Monday, September 19, 2011

Executive Pay- More Smoke and Mirrors from the LibDems

Vince Cable wants ‘unearned’ fat-cat director fees to be controlled by allowing a veto by shareholders.

This sounds like another great idea from the LibDems; until one analyses the proposition and realises it may not only be ineffective but also iniquitous.

How will this work if the director is a majority shareholder or holds enough shares to only need one or two other shareholders on board to pass a huge pay rise? How will it work if the director(s) decide to pay themselves through share dividends; surely the other shareholders will not vote down such a payment? And I fail to see how he will convince the Tories to introduce more red tape by ’…requiring companies to set out the criteria used to determine pay and perks.’

And how does this help ordinary workers whose wages have been effectively reduced over the last 30 years? Should the criteria be ‘earned’; or should these massive payments be subject to restriction across the board, as the pay of the workforce so often is?

The idea that anybody should receive a massive pay increase when the economy, as we are so often told, is in difficulty? Why shouldn’t these pay increases by taken in tax, before being paid to directors, whose P.A. is often the driving force behind their efficiency, rather than use a system where shareholders, whose agenda is similar to that of directors, decide and that is open to abuse? If they can afford huge pay increases, they can afford to pay their share- we are in it together… aren’t we?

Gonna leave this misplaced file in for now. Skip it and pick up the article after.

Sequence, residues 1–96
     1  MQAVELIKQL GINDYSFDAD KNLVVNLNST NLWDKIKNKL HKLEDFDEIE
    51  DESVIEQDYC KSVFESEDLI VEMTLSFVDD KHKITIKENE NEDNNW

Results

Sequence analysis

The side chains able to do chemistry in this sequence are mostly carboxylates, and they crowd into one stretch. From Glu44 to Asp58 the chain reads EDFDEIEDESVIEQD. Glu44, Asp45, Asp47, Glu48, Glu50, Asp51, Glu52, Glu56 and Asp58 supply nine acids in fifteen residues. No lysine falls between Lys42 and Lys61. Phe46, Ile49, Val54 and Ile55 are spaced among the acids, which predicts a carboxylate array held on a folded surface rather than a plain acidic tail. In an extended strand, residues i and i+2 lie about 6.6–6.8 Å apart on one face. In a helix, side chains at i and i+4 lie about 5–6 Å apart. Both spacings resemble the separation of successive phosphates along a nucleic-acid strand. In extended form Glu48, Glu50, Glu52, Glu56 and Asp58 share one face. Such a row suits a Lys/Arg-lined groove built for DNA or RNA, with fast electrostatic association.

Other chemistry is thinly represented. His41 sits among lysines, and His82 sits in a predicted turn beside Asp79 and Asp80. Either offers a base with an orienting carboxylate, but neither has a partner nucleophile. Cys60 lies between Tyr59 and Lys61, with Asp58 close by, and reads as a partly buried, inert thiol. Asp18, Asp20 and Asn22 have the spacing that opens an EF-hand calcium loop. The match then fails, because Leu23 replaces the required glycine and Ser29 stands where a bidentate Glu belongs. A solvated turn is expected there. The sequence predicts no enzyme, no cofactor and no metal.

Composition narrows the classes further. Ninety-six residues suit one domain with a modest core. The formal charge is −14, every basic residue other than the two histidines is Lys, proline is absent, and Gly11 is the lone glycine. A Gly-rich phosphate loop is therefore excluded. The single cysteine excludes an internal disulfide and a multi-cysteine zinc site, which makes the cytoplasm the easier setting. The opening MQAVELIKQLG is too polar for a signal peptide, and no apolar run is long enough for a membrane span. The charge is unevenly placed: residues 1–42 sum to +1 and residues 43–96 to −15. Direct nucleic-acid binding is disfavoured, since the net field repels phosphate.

Mr Cable also says he doesn’t want state control of pay; this is misdirection; more smoke and mirrors; either Vince Cable is very naive or thinks we are! You cannot say ‘we want legislation to curb [anybodies] pay’ while also saying ‘we don’t want state control of pay’.

If you really want a fair system of director pay restriction, let the whole workforce, not just employee representatives (who will be open to ‘persuasion’, bullying and self-interest) on remuneration committees vote on proposals; perhaps then directors will be more inclined to fairer pay negotiations; this would be a real change, a fairer change. It would also put some power removed by biased and unfair anti-union legislation back into the hands of the workforce.


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